“Sorry,” you sigh and put the script down. “You just sound really attractive when you say that.”

Thomas chuckles and nods. “Alright alright, should we go without the script?”

You nod. You think you remembered Dylan’s lines clearly enough to be able to recite them, or at least the gist of them.

Thomas continues, messing up a couple words in the process. For the most part however, he got the lines down. You pick the script back up and flip to the last couple pages. This was about the last of what you hadn’t worked on yet.

Thomas furrows his eyebrows and nods. “I don’t say a lot in this scene do I?”

You shake your head. “It doesn’t look like it, but that’s alright. Your face is enough.”

“Oh really?” Thomas smirks and pulls you close to him.

You nod. “Mmhmm. That’s only why they hired you, you know.”

“Oh how disappointing. I thought they liked my acting skills.” He rolls his eyes and pushes his lips to yours quickly before releasing you and picking the script back up.

“Minhos my friend too,” Thomas starts.  “I’ve known him for longer than I can remember.”

You watch his eyes as he follows along his line. They moved quickly and several expressions flickered across his face. You knew he’d always put a lot of work into memorizing his lines and doing a good job, and you were so proud of him for it.


Thomas was looking at you and you shake your head. You’d been completely memorized by him. “Sorry, where do I start?”

“Dylan’s second to last line.”

You read it off and Thomas reads his last line. You look up to him and take his script from him, putting it with yours and laying it on the couch you stood next to. You were in his apartment and you always loved the warm feeling it had.

Thomas pulled you into a hug and you’re not sure how long you stayed like that. Your arms wrapped around his neck and his around your back, just holding each other. You buried your face in the crook of his neck and smiled.

“I’m so lucky I have you,” Thomas murmured and pulled away. You played with his blond hair in between your fingers.

You sigh playfully. “Where would you be without me?”

“Leaning these lines with Ki Hong or Dylan, probably. And we all know how that goes when Dylan gets excited.” Thomas rolls his eyes and you nod at the memory. Never again.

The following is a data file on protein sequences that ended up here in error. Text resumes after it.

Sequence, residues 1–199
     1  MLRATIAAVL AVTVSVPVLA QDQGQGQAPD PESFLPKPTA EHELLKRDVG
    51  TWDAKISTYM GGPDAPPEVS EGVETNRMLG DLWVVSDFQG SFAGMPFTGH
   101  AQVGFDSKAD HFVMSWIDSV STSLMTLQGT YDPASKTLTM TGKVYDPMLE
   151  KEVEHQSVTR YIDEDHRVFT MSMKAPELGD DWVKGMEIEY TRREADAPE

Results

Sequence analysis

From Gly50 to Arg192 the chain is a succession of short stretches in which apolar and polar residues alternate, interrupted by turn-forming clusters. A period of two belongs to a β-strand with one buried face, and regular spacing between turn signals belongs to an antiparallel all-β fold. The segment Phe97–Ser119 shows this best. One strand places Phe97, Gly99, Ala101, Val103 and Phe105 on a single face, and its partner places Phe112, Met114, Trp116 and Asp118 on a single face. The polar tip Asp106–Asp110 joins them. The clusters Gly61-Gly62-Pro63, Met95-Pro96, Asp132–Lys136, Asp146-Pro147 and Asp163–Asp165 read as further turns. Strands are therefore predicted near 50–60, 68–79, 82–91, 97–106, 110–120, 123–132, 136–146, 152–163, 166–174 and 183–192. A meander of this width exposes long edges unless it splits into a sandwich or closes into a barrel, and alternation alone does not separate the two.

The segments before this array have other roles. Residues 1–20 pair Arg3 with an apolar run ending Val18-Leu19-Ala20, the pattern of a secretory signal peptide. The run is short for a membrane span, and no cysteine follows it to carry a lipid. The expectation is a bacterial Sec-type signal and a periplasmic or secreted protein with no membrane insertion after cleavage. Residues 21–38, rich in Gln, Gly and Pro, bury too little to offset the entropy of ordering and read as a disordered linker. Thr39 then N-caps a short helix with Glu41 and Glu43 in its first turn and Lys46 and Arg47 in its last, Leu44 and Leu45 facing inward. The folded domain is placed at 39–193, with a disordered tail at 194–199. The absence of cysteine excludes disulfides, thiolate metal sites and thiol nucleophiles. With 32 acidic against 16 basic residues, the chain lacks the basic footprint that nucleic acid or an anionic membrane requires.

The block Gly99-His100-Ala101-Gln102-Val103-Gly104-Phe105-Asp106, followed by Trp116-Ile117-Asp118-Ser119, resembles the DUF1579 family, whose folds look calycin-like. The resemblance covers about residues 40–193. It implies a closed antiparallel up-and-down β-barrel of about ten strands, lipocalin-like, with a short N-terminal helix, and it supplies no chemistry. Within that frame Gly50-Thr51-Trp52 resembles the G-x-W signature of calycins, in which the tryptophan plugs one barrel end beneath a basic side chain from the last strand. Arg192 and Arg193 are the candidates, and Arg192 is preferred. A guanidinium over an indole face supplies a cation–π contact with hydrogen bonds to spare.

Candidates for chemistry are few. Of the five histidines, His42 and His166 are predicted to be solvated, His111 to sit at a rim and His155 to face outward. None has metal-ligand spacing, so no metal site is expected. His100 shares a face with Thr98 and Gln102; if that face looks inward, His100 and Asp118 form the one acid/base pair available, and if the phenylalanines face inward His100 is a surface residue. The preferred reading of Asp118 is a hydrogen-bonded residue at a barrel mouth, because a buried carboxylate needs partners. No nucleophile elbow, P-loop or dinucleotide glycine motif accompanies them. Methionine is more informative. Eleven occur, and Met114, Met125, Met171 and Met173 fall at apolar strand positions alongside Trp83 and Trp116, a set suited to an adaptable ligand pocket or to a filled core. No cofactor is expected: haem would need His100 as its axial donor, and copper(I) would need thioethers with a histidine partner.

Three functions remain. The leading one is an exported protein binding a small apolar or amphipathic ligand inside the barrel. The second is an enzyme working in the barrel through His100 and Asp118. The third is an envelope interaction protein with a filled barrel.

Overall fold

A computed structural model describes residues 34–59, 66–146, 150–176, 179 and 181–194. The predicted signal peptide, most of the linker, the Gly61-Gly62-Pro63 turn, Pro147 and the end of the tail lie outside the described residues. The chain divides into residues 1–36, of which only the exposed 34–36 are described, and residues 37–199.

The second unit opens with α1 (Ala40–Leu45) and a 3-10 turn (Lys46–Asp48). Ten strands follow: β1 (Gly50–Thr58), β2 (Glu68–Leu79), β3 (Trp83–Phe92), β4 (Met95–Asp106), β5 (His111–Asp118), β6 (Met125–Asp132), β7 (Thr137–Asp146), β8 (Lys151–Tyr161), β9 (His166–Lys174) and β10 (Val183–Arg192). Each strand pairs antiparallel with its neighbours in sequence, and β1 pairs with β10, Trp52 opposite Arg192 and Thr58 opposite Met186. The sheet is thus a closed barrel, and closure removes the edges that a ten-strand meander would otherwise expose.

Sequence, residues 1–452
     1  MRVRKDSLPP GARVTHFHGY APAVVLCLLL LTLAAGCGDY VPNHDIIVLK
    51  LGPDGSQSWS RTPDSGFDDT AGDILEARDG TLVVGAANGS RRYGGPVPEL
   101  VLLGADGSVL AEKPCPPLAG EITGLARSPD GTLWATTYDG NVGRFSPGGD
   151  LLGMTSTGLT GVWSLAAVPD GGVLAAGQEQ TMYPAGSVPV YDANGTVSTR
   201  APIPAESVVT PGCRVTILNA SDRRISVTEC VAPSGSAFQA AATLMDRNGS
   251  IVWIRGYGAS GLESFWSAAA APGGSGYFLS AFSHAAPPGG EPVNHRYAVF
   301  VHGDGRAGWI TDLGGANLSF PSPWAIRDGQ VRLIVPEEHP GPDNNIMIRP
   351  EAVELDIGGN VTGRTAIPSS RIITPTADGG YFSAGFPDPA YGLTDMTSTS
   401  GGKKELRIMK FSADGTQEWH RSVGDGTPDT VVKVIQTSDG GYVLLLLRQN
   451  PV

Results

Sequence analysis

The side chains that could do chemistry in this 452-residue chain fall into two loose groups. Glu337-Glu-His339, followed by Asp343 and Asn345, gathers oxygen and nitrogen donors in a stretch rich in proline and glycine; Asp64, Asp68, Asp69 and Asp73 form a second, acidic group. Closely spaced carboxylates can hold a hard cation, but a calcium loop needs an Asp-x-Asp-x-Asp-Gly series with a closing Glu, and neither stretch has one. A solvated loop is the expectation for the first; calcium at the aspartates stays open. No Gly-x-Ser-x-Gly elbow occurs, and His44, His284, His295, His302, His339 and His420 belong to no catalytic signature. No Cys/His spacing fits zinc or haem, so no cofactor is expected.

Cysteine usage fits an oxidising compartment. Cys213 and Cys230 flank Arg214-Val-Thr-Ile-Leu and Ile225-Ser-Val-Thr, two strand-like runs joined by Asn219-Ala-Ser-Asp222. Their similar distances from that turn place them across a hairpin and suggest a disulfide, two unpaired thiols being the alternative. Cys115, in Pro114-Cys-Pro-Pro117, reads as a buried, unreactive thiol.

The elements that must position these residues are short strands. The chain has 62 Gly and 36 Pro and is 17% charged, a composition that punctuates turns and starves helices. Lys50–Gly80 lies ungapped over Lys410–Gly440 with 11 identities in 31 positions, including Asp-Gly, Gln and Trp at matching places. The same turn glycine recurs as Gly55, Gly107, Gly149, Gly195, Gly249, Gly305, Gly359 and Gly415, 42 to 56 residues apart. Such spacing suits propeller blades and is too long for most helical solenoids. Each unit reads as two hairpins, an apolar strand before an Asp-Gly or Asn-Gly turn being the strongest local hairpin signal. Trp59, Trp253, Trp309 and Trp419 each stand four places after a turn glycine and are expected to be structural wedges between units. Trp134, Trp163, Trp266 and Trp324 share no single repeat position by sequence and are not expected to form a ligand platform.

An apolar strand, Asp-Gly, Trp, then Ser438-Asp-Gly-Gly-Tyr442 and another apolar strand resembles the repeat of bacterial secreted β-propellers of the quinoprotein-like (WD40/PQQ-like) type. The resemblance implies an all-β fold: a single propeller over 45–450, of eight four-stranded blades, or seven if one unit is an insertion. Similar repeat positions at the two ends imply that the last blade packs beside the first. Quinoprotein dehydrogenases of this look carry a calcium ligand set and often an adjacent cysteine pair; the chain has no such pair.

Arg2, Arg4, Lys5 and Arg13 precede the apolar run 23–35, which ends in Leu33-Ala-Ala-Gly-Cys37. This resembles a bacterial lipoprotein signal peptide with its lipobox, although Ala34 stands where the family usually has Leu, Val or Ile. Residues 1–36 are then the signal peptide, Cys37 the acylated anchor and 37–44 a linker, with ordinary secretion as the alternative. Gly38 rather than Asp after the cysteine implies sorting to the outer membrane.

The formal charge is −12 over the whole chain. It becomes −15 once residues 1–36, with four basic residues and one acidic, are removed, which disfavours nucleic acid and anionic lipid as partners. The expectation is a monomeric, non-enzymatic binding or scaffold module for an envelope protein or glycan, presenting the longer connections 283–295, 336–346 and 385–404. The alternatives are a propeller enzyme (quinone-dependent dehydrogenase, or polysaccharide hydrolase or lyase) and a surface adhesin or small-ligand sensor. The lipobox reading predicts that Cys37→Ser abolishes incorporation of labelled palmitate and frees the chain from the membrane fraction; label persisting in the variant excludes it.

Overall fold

“Do you think you have most of them down?” You ask him.

He nods his head, but still a little unsure. “I’ll need to work on the first part, but other than that I should be alright.”

“Good, that movie better be perfect,” you tease.

“Okay good to know there’s no pressure,” he says sarcastically.

“I’m only joking. You want to go over the first part again?”

He nods and picks back up the scripts. “Here we go again.”

anonymous asked:

i don't know if this just sounds too optimistic, but i'm still not 100% convinced they had sex. i mean rob could just be presuming the worst and rebecca could be allowing him to think that as payback. it's way too optimistic but i just don't want to think that itv don't see the massive consent issue that exists with rob being drunk and rebecca not

if that’s too optomistic, then i suffer the same, anon.

that’s actually my thinking anyway. then again, i’m usually wrong, so i don’t tend to speculate. emmerdale has been out of whack recently with what i’m thinking (which is weird, because when i was a kid i was much better at guessing the storylines lol. i think it’s because i’ve learned the script writing trade since then properly and now i’m just snobby about storylines lol)

i hope they do see it tbh. i doubt it, but i need them too because otherwise they’ll just be making everything ten times worse for me. they’re not usually so wilfully ignorant of things that might upset people, but this really did for me.

(i’ll be riding this positivity/optomistic train to the end)